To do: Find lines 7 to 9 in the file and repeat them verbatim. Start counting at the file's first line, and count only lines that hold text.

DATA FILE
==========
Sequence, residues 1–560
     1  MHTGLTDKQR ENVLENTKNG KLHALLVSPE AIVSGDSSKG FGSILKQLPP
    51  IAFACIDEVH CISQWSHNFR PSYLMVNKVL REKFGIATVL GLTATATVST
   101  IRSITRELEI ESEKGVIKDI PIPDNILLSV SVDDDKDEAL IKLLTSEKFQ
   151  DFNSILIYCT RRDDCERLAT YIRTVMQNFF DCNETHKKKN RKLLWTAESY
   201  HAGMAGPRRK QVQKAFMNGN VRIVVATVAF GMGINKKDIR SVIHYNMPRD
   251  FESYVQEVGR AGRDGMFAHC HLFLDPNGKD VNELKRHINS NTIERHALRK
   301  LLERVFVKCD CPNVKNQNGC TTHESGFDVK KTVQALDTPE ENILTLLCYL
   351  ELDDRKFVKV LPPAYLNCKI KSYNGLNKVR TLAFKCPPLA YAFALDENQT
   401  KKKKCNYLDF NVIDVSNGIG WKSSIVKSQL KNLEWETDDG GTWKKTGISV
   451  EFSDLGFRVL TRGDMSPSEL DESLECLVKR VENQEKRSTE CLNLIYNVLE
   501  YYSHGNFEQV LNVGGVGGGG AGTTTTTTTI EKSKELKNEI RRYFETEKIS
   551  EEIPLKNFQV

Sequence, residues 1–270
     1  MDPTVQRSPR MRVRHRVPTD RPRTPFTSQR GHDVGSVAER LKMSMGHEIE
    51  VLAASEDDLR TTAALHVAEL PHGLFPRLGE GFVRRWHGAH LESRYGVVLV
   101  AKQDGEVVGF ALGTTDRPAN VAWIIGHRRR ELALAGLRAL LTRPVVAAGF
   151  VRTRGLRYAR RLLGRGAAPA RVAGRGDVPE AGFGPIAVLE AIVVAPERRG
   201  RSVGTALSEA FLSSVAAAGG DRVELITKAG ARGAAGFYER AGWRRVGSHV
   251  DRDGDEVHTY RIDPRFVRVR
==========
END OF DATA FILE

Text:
   251  FESYVQEVGR AGRDGMFAHC HLFLDPNGKD VNELKRHINS NTIERHALRK
   301  LLERVFVKCD CPNVKNQNGC TTHESGFDVK KTVQALDTPE ENILTLLCYL
   351  ELDDRKFVKV LPPAYLNCKI KSYNGLNKVR TLAFKCPPLA YAFALDENQT